Recipe in Artisan Baking Across America by Maggie Glezer
Make twelve 75-gram bialys
Time: About 5-6 hours, with 35 minutes of active work
600 g strong flour
1 tsp instant yeast
12 g salt
390 g cold water
1 medium-size onion, finely chopped and bake to caramelized
A food processor
Prepare the onion by cutting it into 1/2-inch chunks.
I cut 2 large onions here because I am cleaning out the fridge.
Use a food processor to chop the onion finely.
Spread the onion out on a greased foil and put it on a large baking dish.
Without rinsing the food processor, use it to mix the dough. Put the dry ingredients in the food processor and pulse a few times to blend them together. While it’s running pour water in stream and continue mixing until dough comes together, a few minutes, if your food processor allows you to do so. Mine is a tiny food processor (a 4-cup size) so I mix it in two batches and it works fine.
Take the dough out and knead for a few minutes to cool the dough and then put it back in the food processor to process for another minute. Do this a few times until the dough is smooth and strong.
I cut the dough into four small pieces to fit them evenly in my ‘petite’ food processor to process the second time.
Note: My food processor has a guarding mechanism that automatically shuts off before it gets overworked. It needs to rest for a good 5-7 minutes before it can resume working. When I mixed this dough it never got too hot before the machine shut down. I took the dough out and kneaded it on a lightly floured counter a good number of strokes until the dough feel strong and smooth and called it good. The dough was very easy to work with.
Let the dough proof in a covered large container 3 times its size until it well expands, is light and beautiful. It takes about 2 – 2.5 hours.
In the meantime bake the onion at 375 ° F and cook until it’s lightly caramelized. Turn it 2 times or so and rotate the tray half way into the bake so it cooks evenly. Let it cool completely.
Mine turns out kinda pretty pinkish; I think it’s because I re-use the piece of foil that was previously used when I roasted red beets and so the onion somehow takes on the beet’s color. I re-use foil (and parchment paper) a few times and recycle it afterward, don’t you?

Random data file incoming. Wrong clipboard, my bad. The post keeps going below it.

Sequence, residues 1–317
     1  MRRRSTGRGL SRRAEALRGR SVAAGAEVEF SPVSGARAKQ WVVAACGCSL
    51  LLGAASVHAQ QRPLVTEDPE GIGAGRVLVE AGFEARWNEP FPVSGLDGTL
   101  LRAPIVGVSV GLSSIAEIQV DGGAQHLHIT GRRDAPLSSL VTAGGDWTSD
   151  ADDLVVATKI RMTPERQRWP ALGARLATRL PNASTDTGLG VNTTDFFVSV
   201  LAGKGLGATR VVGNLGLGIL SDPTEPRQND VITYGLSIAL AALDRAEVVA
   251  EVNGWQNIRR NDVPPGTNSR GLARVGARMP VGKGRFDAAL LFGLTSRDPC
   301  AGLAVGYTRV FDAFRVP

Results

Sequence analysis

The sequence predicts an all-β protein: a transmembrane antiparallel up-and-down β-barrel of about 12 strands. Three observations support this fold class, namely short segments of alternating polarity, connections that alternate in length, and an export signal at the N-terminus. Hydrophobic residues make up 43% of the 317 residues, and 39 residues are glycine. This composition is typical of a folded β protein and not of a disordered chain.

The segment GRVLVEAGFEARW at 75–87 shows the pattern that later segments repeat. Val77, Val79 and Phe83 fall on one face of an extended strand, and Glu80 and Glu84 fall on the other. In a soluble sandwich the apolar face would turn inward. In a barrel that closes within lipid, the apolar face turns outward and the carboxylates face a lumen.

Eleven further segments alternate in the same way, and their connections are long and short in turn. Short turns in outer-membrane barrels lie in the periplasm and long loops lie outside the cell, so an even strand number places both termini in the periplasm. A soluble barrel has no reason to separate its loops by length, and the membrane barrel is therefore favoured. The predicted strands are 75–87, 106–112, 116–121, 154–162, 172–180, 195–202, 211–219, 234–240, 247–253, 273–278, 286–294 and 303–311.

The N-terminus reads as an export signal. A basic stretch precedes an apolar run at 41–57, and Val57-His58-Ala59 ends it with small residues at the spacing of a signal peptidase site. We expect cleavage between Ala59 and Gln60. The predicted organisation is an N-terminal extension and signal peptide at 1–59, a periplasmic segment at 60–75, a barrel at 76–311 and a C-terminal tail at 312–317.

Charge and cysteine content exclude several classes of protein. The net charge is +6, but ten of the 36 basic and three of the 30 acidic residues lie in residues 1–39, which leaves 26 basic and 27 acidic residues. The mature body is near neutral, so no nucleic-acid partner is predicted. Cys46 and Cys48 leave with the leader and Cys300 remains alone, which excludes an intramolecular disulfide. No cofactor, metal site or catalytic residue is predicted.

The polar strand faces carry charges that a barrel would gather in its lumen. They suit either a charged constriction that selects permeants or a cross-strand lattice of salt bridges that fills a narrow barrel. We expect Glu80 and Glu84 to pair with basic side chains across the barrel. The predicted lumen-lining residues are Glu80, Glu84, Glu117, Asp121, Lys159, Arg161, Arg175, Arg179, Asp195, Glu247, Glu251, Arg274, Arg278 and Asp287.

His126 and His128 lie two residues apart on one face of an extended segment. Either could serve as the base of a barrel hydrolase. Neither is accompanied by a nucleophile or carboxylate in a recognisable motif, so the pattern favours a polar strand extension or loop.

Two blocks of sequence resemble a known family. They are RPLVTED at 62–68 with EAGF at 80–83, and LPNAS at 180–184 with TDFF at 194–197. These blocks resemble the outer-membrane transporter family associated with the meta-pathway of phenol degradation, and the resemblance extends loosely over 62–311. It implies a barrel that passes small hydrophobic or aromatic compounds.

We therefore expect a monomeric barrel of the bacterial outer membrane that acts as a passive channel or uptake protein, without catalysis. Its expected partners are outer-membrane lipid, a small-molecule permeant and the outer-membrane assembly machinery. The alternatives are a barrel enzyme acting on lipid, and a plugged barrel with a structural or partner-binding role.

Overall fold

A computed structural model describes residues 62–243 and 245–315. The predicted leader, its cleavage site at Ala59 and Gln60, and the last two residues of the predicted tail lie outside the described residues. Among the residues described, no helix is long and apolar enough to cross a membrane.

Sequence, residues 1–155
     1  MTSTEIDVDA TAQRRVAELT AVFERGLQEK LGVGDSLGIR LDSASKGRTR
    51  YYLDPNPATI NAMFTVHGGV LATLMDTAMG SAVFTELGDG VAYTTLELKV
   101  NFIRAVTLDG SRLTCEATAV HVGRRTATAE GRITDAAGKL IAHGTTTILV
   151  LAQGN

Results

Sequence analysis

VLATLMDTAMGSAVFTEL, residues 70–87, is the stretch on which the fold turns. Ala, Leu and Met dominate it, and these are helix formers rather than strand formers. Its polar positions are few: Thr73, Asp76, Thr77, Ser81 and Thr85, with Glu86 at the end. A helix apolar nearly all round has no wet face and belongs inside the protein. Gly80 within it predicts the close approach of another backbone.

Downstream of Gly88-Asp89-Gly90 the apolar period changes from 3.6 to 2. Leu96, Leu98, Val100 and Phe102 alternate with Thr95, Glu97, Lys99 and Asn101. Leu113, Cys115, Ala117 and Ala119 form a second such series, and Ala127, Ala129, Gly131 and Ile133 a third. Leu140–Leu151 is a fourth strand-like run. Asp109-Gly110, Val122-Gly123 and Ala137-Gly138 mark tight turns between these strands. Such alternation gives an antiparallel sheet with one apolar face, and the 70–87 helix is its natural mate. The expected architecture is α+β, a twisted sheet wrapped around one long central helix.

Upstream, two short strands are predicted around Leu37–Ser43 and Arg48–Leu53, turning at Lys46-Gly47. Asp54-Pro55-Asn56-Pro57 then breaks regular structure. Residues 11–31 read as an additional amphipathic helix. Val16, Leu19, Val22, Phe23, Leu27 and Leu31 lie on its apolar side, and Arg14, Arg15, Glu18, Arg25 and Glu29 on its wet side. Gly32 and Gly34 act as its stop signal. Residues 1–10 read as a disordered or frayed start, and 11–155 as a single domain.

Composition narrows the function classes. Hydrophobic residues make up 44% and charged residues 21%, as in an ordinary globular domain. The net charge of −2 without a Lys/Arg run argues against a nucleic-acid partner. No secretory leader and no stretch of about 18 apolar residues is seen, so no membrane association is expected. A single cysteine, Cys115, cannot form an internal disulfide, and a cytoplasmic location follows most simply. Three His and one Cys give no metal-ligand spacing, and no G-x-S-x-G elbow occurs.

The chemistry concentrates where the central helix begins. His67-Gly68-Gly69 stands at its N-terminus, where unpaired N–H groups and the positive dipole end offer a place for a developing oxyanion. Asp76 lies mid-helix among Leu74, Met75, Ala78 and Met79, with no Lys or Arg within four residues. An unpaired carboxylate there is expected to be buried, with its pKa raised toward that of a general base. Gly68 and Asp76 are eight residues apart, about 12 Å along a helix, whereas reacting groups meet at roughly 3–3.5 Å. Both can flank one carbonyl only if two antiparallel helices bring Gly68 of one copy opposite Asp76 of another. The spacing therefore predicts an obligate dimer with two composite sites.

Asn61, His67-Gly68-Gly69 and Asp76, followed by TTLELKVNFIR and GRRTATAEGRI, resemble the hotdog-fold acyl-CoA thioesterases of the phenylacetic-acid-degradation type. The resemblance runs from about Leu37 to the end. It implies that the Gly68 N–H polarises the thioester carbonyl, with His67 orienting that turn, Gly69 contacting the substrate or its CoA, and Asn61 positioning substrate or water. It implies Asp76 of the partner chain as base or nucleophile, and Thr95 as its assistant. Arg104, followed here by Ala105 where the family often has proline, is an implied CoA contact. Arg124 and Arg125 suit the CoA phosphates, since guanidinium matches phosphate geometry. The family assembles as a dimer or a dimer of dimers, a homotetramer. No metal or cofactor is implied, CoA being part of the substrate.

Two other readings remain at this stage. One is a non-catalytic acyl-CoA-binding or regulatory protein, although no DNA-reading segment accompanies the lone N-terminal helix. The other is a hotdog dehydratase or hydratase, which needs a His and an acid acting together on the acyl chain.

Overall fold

Divide the dough into 12 pieces, 80 grams each. Shape them into tight balls and let them proof until well expanded, filled with air bubbles and depressed when pressed slightly, about 2 hours at room temperature.
About 45 minutes before the bake, pre-heat the oven with a baking stone at 475 °F.
Flatten each dough ball with the palm of your hand and stress it out to 5-6 inch circle, thin in the middle and thick around the edge.
I flatten the doug in to a circle as best as it could stretch, pick it up at the edge with one hand, let the dough hang down and start to rotate the dough using the other hand to guide the middle part. Gravity does a good job here to greatly help stretch the dough out to a large circle, thin in the middle and thick around the edges.
Put about 1/2 teaspoon of the caramelized onion in the middle, press it down a little bit. Repeat with the rest of the dough balls.
Place 6 dough circles on a piece of parchment, cook them on parchment on the pre-heated baking stone for about 12-14 minutes until it takes on some nice brown color. Cool them on a wire rack. Repeat with the other 6 pieces of dough.
I took the parchment out and rotate the bread half way. I think the bottom get cooked better.
I did not know how to style the bialy to make it more appetizing for a picture shot but think this is good enough and I am very hungry so am going to eat this now:
How does it taste? Well, it’s very good bread –as good as bread made with commercial yeast goes– with a crunchy crust and chewy crumb. I like it better than bagel, really!
I am already thinking about sourdough bialys. Should talk to Mimi.
So I made bialys for the first time and will make some more. It was fun and not too much work. It would be a decent recipe to teach people new to bread baking and kids would definitely have fun helping out.
I am sending this to this week’s Yeast Spotting. See you there.